Local pediatrician discusses amoxicillin shortage


CHICAGO — Pharmacies across the nation, including Chicagoland, are grappling with a shortage of the popular antibiotic, amoxicillin.

The drug is one of the most commonly prescribed antibiotics, especially for children who have an ear infection or pneumonia.

In late October, the U.S. Food and Drug Administration (FDA) issued an alert about supply shortages of the “powder for suspension” form of the antibiotic which is mixed with water to create an oral solution for pediatric patients.

Health experts believe the shortage may be due to the surge in upper respiratory infections and supply chain issues.

“Some of it is potentially manufacturing issue hold overs from the pandemic that are still becoming a problem, in addition to the significant rise in viral illnesses that’s happened over the last month with RSV, flu and COVID. The increase in those viruses then increases your risk of developing bacterial infections that we would use amoxicillin to treat,” said Dr. Hollis Redmon, a pediatrician with Advocate Childrens Medical Group Naperville and Lombard  Pediatrics. “So, things like ear infections and pneumonia, where in the pediatric world amoxicillin is typically our go to medication and manufacturers aren’t able to keep up with the demand for the medication.”

The American Society of Hospital Pharmacists says there are now shortages of other versions of amoxicillin listing oral capsules, tablets and chewable tablets in short supply.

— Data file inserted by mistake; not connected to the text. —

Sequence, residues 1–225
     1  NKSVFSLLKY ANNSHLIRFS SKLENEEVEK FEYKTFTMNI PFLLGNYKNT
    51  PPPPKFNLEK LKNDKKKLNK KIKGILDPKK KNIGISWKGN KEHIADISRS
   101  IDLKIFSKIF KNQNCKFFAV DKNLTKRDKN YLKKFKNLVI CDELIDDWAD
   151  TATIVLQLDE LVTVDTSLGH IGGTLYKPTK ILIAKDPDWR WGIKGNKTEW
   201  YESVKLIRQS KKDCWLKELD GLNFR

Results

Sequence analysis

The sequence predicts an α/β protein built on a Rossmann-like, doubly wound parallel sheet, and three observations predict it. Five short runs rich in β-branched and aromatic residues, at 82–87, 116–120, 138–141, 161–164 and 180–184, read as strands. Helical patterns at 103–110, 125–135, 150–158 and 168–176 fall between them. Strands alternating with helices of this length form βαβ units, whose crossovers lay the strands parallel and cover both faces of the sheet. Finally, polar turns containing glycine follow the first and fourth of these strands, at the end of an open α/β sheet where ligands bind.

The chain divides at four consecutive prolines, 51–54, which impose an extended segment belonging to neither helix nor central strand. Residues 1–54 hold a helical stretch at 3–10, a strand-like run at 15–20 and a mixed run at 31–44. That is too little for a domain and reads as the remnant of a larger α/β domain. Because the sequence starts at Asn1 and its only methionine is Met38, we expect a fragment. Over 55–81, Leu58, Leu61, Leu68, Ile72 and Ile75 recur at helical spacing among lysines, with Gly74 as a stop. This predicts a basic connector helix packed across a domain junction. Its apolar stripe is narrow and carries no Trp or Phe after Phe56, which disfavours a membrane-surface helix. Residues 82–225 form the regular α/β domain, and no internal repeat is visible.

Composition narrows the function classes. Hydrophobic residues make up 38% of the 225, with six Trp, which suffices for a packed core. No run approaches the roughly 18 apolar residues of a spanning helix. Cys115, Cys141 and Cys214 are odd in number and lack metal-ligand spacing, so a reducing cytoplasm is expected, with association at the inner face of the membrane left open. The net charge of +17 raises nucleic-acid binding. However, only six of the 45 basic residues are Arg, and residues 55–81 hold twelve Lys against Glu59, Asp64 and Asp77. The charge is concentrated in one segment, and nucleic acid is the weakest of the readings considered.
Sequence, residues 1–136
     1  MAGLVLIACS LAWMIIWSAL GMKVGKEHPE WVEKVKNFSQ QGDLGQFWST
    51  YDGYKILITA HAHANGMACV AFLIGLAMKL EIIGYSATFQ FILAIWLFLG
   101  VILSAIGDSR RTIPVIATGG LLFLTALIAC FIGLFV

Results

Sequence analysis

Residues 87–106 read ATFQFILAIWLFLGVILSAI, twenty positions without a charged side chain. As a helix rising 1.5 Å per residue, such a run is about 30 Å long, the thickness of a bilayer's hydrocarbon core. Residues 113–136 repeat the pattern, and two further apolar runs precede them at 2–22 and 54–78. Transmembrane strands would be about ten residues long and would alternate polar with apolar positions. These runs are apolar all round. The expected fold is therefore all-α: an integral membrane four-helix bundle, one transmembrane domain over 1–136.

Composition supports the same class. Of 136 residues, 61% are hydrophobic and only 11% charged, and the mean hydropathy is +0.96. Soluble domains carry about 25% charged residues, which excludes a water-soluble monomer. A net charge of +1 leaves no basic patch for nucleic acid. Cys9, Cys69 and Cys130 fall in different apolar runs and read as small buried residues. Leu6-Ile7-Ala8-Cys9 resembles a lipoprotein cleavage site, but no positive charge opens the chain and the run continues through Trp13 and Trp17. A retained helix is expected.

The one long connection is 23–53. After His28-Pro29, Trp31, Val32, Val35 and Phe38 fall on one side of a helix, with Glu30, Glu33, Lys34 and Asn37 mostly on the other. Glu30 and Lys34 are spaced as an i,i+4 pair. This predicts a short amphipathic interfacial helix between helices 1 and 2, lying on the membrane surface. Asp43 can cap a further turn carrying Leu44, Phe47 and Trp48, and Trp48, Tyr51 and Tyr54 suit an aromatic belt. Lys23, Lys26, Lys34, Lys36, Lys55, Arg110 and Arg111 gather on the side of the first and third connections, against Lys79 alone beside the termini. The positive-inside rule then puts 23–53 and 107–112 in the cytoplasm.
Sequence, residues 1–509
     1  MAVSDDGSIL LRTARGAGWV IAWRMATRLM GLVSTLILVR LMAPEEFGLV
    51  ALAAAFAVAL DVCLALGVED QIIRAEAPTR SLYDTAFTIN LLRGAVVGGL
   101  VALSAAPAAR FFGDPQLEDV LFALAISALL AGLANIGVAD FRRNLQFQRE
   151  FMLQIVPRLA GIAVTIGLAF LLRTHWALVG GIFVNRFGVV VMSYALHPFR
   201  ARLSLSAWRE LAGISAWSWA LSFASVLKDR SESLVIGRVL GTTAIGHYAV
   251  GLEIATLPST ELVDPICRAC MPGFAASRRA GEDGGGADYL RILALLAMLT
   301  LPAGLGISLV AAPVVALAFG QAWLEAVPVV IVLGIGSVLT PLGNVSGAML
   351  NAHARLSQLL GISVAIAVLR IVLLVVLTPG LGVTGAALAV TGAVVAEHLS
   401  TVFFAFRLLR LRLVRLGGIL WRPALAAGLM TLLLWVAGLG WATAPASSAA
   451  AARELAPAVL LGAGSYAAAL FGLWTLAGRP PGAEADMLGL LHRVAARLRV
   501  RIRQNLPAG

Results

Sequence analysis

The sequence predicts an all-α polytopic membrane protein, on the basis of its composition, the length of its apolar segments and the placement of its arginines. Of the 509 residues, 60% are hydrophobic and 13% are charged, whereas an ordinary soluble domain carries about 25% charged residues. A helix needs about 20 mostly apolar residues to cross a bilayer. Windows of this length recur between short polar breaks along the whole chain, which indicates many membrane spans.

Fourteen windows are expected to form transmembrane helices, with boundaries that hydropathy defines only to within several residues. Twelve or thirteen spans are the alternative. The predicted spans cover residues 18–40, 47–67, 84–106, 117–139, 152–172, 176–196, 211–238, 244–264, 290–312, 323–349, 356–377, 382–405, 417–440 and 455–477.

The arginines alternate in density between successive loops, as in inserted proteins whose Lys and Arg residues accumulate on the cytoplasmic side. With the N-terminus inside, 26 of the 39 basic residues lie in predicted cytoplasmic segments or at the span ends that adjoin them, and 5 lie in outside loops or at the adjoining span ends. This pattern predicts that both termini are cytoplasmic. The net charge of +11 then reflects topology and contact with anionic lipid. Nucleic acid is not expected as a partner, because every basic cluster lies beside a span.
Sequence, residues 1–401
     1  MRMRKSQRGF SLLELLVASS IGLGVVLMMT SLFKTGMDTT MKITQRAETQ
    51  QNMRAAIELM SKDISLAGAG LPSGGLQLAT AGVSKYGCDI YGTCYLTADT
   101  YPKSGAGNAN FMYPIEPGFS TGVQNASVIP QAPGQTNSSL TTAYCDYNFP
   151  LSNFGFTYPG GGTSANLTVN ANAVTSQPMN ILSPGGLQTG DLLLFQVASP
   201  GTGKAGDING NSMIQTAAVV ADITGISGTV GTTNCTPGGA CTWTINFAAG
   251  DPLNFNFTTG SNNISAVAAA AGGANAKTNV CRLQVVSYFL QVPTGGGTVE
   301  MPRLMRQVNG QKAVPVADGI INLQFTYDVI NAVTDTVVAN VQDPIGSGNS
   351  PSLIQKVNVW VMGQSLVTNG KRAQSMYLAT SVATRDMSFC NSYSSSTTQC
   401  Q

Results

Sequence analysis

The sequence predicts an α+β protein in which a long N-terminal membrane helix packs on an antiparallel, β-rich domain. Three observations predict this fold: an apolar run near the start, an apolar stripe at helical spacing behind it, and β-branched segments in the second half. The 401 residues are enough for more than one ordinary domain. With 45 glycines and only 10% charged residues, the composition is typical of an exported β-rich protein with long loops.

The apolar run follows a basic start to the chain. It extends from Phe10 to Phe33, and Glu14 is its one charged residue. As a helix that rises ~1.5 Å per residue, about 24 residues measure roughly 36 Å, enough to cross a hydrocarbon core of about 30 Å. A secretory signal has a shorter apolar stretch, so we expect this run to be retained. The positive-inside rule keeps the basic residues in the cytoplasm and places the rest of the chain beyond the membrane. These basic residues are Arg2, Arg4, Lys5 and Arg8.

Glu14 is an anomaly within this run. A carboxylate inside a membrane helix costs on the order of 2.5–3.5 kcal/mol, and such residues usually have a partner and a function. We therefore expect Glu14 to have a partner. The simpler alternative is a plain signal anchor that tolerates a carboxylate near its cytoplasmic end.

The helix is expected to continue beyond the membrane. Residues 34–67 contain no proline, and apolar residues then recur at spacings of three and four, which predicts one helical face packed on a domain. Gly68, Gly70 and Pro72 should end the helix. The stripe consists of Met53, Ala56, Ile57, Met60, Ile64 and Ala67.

This is the time of year doctors start to see more ear infections and cases of pneumonia in children, and in a majority of those cases amoxicillin would be prescribed. 

But Dr. Redmon said due to this year’s shortage, pediatricians are being told to default to alternative medications to treat a patient with bacterial pneumonia. If the child is over the age of two with an ear infection — pediatricians are urged not to give their pint-sized patient an antibiotic.

“We are being informed by Advocate Aurora Health System to default to different types of medications as opposed to hunting for different pharmacies that may have stock. We do have other medication options; Augmentin is our secondary option that’s used more commonly,” said Dr. Redmon. “It’s an amoxicillin derivative with an additional ingredient in it, so it is a stronger medication but still one that’s totally appropriate to treat your infection and pneumonia and things like that.”

Redmond adds pediatricians also have a family of antibiotics called Cephalosporins that they can prescribe as an alternative for amoxicillin as manufacturers scramble to get supply back on track.

 “Within the over two-year-old population it is not unreasonable to sometimes wait before prescribing an antibiotic for something like an ear infection. For example, there’s an option to choose, watch, and wait instead. Where you treat the patients pain as opposed to immediately prescribing an antibiotic, so we are being encouraged to try that in our older children,” she said. “Children under two do need to be treated for an ear infection. But children over two can maybe wait it out if they can. Your body will fight it off eventually. Especially if the ear infection is being treated by a virus and you don’t necessarily need an antibiotic to treat that infection. So, we are hoping to try to reduce our need for amoxicillin as well, encouraging families to try to hold off before starting an antibiotic.”

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